After being side-lined during the COP21 climate talks in Paris last year, pressure was mounting on the International Maritime Organization (IMO) to take clear action on the shipping sector’s dangerous emissions.

Shipping contributes for approximately 2.4% of the total carbon dioxide released in the world, and has until now largely gone unregulated.

The 70th session of the Marine Environment Protection Committee (MEPC 70), which took place on 24-28 October at IMO’s headquarters in London, brought together 800 delegates from 100 IMO member states, as well as representatives from three UN agencies, five intergovernmental organisations and 49 non-governmental organisations.

The parties deliberated on key emission reduction areas, such as the collection of fuel consumption data from the global fleet, the long-term reduction of greenhouse gases from shipping and revised guidelines for approval of ballast water management systems.

IMO’s landmark rulings came just days before the ratification of the COP21 climate accord reached in Paris last December, and preceded the start of the COP22 conference in Marrakech, Morocco.

“I am very much encouraged to see the spirit of the Paris Agreement alive here at IMO, with Member States showing their willingness to work collaboratively for the greater good,” said IMO secretary general Kitack Lim in his opening address. “The broader challenge we all face is how to ensure future growth can be achieved sustainably; how to ensure that globalization becomes a positive force for all the world’s people, and not for just a privileged few.”

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By GlobalData

Implementing a global sulphur cap in 2020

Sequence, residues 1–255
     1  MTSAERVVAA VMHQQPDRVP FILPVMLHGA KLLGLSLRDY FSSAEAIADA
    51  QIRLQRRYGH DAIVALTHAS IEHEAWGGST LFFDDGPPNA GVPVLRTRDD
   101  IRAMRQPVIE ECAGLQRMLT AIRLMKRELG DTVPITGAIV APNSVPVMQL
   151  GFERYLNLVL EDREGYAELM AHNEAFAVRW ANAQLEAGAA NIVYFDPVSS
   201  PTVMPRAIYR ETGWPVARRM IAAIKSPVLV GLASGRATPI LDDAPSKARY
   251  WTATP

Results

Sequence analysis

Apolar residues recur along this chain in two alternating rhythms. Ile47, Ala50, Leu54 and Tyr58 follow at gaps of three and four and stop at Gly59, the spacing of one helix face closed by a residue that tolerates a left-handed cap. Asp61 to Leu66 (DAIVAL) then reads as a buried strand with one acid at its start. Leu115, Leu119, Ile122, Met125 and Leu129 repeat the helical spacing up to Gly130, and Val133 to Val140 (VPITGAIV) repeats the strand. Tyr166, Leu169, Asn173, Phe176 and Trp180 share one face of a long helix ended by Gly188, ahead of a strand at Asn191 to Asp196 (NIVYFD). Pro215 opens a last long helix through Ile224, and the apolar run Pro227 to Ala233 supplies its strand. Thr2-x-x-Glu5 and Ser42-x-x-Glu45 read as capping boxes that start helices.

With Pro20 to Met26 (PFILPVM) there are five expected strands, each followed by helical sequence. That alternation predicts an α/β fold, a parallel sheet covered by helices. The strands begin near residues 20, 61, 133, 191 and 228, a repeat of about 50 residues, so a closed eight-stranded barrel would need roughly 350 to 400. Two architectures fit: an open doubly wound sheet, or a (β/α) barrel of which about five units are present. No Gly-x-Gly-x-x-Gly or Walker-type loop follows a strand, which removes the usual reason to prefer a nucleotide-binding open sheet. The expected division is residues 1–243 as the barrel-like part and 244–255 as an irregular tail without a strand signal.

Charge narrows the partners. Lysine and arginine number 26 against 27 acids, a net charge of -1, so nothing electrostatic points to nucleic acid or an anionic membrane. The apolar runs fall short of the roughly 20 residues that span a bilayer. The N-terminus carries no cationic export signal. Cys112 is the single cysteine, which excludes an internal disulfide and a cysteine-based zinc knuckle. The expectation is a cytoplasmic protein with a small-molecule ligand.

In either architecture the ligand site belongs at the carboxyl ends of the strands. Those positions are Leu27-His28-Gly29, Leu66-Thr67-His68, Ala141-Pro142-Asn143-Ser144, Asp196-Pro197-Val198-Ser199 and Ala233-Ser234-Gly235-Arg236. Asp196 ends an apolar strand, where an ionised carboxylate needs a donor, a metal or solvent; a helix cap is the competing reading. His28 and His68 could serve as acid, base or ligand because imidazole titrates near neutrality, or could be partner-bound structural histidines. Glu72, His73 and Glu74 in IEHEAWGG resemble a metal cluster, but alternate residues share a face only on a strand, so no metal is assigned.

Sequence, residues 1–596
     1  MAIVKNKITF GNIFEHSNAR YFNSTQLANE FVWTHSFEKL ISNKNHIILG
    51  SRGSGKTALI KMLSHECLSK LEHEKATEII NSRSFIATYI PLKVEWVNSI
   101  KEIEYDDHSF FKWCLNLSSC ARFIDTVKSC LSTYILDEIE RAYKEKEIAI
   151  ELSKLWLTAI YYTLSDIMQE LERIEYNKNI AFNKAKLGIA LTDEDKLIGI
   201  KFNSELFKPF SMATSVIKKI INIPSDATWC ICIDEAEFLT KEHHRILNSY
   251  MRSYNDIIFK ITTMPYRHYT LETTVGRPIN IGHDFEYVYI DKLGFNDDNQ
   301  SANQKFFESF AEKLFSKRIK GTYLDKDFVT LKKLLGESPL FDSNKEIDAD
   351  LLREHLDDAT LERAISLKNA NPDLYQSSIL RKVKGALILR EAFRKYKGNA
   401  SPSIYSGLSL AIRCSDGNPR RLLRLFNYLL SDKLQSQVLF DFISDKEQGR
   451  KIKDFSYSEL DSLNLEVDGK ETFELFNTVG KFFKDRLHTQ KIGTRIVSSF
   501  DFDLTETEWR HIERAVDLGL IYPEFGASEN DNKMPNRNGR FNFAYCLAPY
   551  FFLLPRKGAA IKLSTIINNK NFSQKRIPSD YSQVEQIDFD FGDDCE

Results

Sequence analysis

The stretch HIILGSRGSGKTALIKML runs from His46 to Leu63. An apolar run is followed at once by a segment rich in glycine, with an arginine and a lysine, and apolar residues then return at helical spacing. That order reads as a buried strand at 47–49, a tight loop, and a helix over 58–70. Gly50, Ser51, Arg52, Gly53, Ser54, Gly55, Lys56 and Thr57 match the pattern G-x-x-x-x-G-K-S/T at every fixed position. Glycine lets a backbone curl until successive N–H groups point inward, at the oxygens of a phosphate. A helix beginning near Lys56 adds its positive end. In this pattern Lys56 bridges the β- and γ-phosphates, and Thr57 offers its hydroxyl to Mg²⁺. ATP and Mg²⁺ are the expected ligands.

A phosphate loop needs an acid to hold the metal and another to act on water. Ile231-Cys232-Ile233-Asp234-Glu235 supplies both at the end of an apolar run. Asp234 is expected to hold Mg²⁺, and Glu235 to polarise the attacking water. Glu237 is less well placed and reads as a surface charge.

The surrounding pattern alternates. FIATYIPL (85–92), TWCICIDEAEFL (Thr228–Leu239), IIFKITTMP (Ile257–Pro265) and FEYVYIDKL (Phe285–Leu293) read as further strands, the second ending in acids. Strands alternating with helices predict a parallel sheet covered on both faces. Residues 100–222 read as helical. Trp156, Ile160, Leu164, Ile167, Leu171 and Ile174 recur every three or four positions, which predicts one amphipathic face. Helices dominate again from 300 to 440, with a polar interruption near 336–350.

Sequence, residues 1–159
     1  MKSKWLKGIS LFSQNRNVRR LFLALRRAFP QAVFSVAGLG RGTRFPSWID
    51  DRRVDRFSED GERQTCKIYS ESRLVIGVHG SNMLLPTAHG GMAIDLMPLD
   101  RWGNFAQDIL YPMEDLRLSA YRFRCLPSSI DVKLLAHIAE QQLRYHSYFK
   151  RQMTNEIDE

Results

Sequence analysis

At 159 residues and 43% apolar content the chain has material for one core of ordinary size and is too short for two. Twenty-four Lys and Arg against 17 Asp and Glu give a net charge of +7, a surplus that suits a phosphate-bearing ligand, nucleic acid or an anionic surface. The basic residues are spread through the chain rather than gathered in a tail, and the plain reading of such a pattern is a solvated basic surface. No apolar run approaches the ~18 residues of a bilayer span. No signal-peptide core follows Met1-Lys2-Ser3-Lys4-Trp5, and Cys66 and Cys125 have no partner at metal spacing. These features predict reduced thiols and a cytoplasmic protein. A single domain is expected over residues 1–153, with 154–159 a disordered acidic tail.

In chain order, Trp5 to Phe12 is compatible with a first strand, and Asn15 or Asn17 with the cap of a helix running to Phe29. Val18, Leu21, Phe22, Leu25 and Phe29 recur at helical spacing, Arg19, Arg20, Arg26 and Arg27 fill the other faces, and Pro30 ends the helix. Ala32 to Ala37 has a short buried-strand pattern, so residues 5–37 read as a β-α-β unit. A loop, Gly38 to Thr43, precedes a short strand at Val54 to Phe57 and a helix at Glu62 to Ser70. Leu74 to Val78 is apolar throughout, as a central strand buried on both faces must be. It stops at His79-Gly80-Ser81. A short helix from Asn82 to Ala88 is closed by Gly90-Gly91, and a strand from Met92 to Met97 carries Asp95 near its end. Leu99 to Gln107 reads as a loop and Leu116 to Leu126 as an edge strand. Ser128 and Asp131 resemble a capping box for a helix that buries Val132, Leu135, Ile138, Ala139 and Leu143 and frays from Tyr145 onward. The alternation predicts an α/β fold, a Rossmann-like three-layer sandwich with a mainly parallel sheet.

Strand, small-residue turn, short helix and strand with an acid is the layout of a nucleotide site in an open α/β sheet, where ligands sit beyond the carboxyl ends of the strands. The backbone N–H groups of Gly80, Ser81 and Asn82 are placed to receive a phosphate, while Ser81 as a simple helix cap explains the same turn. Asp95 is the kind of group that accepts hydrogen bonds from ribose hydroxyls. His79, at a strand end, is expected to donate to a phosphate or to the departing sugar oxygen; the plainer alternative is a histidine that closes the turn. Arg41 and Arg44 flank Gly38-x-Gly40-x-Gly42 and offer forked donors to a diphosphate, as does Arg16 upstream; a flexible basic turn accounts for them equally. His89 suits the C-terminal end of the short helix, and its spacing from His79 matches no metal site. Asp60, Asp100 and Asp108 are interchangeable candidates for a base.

One of the most important outcomes of the MEPC 70 conference was the Committee’s decision to set 1 January 2020 as the implementation date for a reduction in the sulphur content of the fuel oil used by ships.

The ruling, described by the IMO as “a landmark decision for both the environment and human health”, will implement a global sulphur cap of 0.50% m/m (mass/mass), down from the 3.5% m/m global limit currently in place.

The date of 2020 was previously agreed in amendments adopted in 2008, but the final resolution hinged on the results of a fuel availability review, which was tasked to assess whether sufficient compliant fuel oil would be available on the market before 2020. If not, the date would have been postponed to 2025.

The findings of a study carried out by CE Delft, completed this year and presented to the MEPC on 24 October, found no predicted shortages of compliant fuel oil.

The decision was applauded by environmental groups Transport & Environment and Seas At Risk, members of the Clean Shipping Coalition.

“This will reduce SO2 emissions – which cause premature deaths from diseases such as lung cancer and heart disease – from shipping by 85% compared with today’s levels,” the NGOs said in a statement.

Ships will be able to meet the new requirement by using low-sulphur compliant fuel oil, such as liquefied natural gas (LNG) or methanol, or by fitting exhaust gas cleaning systems or “scrubbers”, which strip the pollutants from the emissions before they are released into the atmosphere.